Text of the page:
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document database: All content tagged as document database in NoSQL databases and polyglot persistence

MongoDB performance bottlenecks and optimization strategies for MongoDB

Mikita Manko goes through a list of bottlenecks in MongoDB and suggest different ways to alleviate the pain (when possible):

I will try to describe here all potential performance bottlenecks and possible solutions and tips for performance optimization, but first of all – You should to ensure that MongoDB was the right choice for your project.

Original title and link: MongoDB performance bottlenecks and optimization strategies for MongoDB (NoSQL database©myNoSQL)

via: http://www.mikitamanko.com/blog/2013/12/06/mongodb-performance-bottlenecks-optimization-strategies-for-mongodb/


Defending Mongodb

Siddharth Ravichandran:

My post however, aims at highlighting the areas where Mongodb works and how it performed brilliantly for us. As someone leading the engineering efforts for a shipping and logistics company I wasn’t too happy initially to see Mongodb being used as the primary datastore but after 2 years I’m more than sure that this was definitely the datastore for us. I’ve outlined areas that confused me when i first encountered them only to learn that they were actually invaluable features that were available to me.

I fail to understand how someone can defend the bad usage of locks or the now-not-anymore-default fire and forget behavior of a database. Maybe that’s why the original title is “Mongodb — not evil, just misunderstood”.

Original title and link: Defending Mongodb (NoSQL database©myNoSQL)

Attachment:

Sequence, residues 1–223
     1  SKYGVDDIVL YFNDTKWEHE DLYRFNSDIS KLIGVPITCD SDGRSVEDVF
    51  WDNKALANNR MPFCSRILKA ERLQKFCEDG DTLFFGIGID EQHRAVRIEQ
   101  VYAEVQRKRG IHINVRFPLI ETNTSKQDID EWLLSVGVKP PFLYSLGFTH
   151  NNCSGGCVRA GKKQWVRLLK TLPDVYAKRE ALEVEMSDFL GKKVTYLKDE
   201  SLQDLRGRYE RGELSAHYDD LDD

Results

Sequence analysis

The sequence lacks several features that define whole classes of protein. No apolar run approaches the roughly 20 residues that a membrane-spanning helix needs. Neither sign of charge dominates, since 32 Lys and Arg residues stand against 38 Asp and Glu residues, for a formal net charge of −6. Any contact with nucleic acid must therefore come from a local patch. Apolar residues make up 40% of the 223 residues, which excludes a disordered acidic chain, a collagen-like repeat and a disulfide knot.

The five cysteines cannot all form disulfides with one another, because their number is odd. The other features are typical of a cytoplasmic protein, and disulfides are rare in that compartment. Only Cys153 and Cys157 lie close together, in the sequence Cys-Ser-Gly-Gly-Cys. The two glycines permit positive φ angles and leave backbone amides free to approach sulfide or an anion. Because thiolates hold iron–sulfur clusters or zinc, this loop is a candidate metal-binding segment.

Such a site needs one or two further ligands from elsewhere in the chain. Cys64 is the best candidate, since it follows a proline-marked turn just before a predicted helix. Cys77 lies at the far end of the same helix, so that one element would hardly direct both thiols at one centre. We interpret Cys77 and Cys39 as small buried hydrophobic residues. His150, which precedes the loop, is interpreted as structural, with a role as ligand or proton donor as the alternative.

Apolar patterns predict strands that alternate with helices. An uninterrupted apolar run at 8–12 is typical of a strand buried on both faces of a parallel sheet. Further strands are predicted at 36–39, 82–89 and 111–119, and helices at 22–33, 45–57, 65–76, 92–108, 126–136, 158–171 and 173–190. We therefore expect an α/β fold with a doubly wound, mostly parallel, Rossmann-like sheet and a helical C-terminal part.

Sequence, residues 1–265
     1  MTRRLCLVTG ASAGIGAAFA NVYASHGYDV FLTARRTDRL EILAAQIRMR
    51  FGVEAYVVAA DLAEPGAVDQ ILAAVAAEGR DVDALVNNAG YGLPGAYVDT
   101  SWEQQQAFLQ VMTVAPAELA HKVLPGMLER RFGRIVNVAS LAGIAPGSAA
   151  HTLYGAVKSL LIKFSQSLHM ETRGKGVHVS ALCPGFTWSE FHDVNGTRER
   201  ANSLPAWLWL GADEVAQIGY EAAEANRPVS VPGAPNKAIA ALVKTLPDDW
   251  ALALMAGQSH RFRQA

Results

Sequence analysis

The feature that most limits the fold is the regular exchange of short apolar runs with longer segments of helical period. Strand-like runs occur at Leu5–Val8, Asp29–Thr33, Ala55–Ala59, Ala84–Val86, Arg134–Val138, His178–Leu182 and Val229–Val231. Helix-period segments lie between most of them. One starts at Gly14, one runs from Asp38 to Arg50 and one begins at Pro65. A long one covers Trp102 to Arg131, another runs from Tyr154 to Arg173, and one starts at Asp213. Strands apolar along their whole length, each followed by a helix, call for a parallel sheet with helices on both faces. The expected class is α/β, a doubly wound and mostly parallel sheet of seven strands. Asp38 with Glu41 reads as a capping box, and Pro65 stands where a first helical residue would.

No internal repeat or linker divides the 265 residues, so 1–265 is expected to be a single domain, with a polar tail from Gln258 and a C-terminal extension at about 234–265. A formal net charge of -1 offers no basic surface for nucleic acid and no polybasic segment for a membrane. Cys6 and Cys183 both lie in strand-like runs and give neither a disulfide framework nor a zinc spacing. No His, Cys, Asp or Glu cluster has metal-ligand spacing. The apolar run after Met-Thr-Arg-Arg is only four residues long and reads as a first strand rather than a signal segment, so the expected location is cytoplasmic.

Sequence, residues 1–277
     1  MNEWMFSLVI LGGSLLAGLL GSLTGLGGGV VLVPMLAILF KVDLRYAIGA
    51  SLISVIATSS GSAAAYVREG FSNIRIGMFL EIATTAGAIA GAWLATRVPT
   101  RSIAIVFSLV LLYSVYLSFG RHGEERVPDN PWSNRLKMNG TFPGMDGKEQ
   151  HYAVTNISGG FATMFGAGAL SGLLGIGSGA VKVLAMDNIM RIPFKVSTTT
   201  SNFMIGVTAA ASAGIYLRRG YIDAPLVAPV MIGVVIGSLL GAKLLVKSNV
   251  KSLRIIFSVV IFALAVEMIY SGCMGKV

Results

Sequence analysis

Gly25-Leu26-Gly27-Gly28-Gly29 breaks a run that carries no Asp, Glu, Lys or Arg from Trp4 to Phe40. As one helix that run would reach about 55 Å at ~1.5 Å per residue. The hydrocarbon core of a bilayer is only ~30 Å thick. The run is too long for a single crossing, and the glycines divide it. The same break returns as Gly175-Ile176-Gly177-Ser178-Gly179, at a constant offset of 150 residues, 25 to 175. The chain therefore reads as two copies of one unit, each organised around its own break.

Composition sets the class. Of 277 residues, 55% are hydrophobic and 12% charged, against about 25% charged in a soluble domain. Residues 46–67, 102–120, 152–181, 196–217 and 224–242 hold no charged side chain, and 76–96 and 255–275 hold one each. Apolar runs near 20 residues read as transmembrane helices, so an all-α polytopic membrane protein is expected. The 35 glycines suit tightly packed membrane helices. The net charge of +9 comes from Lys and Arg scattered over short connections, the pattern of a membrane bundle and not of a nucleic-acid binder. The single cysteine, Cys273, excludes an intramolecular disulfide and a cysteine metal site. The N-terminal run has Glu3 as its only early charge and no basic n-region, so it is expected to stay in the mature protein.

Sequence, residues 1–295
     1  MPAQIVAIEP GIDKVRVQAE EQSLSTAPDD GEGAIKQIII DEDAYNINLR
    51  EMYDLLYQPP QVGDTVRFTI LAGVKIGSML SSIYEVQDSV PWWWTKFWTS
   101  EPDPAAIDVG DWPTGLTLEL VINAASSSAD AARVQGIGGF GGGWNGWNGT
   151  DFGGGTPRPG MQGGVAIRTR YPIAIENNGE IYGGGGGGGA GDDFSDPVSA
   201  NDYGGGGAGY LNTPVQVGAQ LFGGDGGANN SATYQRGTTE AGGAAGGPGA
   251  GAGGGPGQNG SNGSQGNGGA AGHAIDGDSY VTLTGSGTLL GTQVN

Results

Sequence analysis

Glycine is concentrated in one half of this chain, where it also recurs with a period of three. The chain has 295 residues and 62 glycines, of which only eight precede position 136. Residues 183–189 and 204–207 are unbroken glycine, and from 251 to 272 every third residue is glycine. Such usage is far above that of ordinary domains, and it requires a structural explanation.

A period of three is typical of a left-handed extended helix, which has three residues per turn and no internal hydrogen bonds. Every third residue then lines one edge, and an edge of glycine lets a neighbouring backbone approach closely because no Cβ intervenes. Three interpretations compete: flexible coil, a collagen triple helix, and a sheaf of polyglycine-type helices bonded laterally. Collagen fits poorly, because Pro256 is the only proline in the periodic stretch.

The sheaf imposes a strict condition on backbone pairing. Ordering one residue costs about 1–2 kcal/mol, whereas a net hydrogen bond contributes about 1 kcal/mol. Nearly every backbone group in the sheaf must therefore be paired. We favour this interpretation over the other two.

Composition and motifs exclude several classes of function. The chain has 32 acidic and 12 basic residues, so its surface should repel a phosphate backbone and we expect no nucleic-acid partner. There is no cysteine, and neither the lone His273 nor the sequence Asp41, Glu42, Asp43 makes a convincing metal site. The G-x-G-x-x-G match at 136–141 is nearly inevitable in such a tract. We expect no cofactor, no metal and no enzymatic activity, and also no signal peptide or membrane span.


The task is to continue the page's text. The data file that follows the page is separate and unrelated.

via: http://siddharth-ravichandran.com/2013/12/04/mongodb-not-evil-just-misunderstood/


Tuning MongoDB Performance with MMS

MongoLab:

At MongoLab we manage thousands of MongoDB clusters and regularly help customers optimize system performance. Some of the best tools available for gaining insight into our MongoDB deployments are the monitoring features of MongoDB Management Service (MMS). […] Here we focus primarily on the metrics provided by MMS but augment our analysis with specific log file metrics as well.

There’s definitely something you can learn from guys whose business is running MongoDB.

✚ I continue to be impressed with 10genMongoDB Inc.’s MMS service.

Original title and link: Tuning MongoDB Performance with MMS (NoSQL database©myNoSQL)

via: http://mongodb.info/2013/12/04/new-blog-tuning-mongodb-performance-with-mms/


Does Meteor scale? Polling for changes in MongoDB

Jon James in an article looking at the scalability of the Meteor framework, which uses MongoDB as its database:

Meteor is all real-time, which it currently achieves by fetching and comparing documents after every database write operation. Meteor also polls the database for changes every 10 seconds. These are the main bottlenecks when scaling Meteor, and they introduce two main issues:

  1. The polling and comparing logic takes a lot of CPU power and network I/O.
  2. After a write operation, there is no way to propagate changes to other Meteor instances in real-time. Changes will only be noticed the next time Meteor polls (~10 seconds).

While from a developer’s perspective getting automatic updates is probably a pretty cool feature, polling a database is not going to get them very far. The author suggests using MongoDB’s opslog as a source of changes. That could work.

Original title and link: Does Meteor scale? Polling for changes in MongoDB (NoSQL database©myNoSQL)

via: http://meteorhacks.com/does-meteor-scale.html


The SSL performance overhead in MongoDB and MySQL